P from Georgia asked the question “I am currently treating a dog with demodectic mange. The dog has not been spayed as the owners are considering breeding her despite my recommendation that she be fixed. Am I liable in any way if I continue to treat this dog (for her own well being) and she goes on to have demodex-affected puppies?
Great Question. We all have clients who do not follow our recommendations.
There is no specific additional liability to continuing to provide care at least to the level of the standard of care required by the Veterinary Practice Act. In Georgia, that means it must be above the minimum standard of acceptable and prevailing veterinary medical practice (GA 43-50-41 (6) ). You must also continue the VCP, which means they must have agreed to follow the instruction of the licensed veterinarian. (GA 43-50-3-(15)).
Typical cases of professional liability require a duty, a breach of that duty, and damages resulting from that breach. As a professional, your duty is held to the higher standard of your profession, which I listed above. You only have that duty if you have a VCP, and it appears they did agree to follow your instructions, although you are working out portions of that. I would not interpret the VCP to mean they have to follow every recommendation or option presented, but rather generally to follow your instruction on care and not refuse all options presented. That’s just my reading, but it seems to match most Veterinary Medical Board’s interpretations of that clause.
Assuming that you had a duty, and you breached that duty by not following the professional standard of care, what are the damages of Demodex Affected Puppies? Assume you did not warn the owner of the risk. Then you may, and I do mean *may* because I am not an expert on veterinary medical standards for Demodex, have breached your duty of care. If you did, then typical damages might be veterinary expenses, the difference in value from demodex affected puppies and non-demodex affected puppies, and with a generous ruling, perhaps incidental expenses. Unless these are really rare breed puppies, it should be a relatively small liability, and it’s the type of claim that PLIT or a similar professional insurance typically covers (subject to insurance policy exclusions for things such as intentionally giving poor advice.),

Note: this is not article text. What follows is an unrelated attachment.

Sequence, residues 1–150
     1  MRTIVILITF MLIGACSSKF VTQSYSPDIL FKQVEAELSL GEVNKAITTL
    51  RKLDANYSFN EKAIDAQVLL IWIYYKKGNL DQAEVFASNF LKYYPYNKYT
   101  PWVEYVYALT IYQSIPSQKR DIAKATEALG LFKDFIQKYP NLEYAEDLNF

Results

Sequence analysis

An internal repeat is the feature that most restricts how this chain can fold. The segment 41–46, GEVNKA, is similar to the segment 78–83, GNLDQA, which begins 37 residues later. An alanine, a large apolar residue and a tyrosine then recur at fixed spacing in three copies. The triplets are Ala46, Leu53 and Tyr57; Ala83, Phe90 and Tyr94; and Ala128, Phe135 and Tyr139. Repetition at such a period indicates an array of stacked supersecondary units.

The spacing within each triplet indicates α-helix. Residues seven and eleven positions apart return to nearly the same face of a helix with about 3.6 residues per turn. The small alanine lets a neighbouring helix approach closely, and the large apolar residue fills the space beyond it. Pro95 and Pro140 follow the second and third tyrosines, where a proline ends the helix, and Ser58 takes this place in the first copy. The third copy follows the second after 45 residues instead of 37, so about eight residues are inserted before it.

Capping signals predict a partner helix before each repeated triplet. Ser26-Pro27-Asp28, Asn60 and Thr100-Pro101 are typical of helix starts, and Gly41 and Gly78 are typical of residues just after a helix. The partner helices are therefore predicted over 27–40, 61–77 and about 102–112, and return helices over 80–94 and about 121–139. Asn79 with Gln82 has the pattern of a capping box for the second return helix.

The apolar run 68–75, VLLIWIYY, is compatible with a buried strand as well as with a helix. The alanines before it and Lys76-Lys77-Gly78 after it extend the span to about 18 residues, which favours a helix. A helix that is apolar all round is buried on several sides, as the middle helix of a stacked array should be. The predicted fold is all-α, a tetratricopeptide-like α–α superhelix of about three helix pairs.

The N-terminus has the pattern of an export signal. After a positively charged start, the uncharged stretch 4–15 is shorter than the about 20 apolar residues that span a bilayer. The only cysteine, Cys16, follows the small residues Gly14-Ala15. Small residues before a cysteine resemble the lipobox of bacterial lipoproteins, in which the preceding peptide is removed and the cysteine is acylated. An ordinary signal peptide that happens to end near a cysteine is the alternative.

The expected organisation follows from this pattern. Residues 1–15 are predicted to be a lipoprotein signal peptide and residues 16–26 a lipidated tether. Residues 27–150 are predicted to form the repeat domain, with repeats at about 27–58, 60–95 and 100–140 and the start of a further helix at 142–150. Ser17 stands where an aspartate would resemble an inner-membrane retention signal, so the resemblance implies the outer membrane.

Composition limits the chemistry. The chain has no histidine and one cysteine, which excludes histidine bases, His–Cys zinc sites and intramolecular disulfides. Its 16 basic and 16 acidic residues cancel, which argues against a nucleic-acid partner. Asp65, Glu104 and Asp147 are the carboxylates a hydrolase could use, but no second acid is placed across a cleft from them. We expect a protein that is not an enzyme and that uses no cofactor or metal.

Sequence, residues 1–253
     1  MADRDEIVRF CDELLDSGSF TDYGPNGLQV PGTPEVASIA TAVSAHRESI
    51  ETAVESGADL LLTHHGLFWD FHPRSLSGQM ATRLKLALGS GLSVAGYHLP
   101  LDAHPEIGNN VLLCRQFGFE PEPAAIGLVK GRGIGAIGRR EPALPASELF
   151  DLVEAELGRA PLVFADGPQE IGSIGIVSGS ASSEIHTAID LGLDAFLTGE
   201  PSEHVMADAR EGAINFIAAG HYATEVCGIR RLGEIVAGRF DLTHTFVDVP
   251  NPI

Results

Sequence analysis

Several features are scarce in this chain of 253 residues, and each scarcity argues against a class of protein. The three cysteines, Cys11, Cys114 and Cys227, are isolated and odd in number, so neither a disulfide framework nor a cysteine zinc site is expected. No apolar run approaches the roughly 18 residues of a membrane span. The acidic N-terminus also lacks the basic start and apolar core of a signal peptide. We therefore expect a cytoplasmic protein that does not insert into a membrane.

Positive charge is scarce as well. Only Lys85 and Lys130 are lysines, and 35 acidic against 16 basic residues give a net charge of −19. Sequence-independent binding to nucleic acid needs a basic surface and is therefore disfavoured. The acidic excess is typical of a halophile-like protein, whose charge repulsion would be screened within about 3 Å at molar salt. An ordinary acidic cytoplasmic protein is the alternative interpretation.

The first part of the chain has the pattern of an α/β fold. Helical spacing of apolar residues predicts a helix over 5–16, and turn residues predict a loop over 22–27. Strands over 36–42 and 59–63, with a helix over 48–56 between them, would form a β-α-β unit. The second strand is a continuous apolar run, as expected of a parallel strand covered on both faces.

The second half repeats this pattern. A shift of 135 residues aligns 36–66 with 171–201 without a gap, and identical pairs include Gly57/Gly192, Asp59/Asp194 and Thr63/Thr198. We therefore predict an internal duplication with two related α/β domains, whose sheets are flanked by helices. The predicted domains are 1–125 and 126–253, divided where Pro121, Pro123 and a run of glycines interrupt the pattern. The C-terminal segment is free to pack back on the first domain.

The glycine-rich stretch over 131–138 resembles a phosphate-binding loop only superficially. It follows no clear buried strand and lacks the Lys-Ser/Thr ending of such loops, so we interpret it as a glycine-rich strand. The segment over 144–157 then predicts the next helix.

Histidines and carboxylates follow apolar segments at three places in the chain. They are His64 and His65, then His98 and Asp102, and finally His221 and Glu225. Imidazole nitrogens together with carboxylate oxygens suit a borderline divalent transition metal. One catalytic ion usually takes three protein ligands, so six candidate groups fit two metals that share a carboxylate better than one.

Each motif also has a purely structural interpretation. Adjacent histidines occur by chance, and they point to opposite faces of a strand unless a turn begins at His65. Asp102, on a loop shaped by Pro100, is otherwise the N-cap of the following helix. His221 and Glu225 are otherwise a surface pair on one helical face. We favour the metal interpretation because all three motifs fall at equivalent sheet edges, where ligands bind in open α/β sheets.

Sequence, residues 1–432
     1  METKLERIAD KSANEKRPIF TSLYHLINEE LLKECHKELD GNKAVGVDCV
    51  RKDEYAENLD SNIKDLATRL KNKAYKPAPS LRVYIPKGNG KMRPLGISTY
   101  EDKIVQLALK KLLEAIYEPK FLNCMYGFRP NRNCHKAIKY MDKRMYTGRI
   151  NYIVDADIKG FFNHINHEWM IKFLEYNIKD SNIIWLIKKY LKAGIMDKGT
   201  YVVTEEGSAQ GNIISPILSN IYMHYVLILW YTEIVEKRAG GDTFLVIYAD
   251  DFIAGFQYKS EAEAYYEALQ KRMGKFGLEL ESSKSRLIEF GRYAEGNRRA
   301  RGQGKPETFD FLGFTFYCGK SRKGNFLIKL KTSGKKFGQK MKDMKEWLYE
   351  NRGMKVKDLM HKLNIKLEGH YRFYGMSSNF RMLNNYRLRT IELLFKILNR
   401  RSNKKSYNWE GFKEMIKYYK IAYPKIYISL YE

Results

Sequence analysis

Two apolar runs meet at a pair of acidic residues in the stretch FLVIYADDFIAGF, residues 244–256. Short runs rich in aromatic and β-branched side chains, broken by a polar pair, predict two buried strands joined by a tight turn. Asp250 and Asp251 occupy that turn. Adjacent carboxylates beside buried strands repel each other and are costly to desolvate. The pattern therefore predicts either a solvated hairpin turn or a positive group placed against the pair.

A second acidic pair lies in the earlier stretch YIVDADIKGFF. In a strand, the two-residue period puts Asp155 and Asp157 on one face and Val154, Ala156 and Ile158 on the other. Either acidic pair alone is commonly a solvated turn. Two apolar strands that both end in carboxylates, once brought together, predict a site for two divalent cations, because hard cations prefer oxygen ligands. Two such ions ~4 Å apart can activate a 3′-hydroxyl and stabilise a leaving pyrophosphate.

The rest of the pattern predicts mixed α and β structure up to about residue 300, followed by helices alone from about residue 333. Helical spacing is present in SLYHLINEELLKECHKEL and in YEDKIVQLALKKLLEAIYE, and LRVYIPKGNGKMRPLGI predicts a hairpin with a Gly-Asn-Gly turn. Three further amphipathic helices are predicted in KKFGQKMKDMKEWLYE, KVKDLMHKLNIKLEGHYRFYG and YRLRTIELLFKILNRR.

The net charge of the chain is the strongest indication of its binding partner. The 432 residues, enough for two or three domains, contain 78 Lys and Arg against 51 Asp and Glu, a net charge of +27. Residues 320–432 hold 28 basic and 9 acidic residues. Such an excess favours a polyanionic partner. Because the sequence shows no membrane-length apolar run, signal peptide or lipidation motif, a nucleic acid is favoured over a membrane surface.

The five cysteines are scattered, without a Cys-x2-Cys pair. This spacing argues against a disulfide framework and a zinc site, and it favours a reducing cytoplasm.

But what does this all mean for us? It means you have very low risk of liability if you follow the standard of care with a properly established VCP. This ties back to the ethical requirement of “do no harm.” I’d certainly document your advice, and provide clear warnings to the owner. I’d also outline your protocol of diagnostics care for the potential litter, if they have demodex-affected puppies. Providing well documented education and advice on the consequences of refusing recommended care is important to help show how you meet the standard of care, as is providing options for care if your primary choice is rejected.
Thanks for the great question.
Now let’s get better togeterh.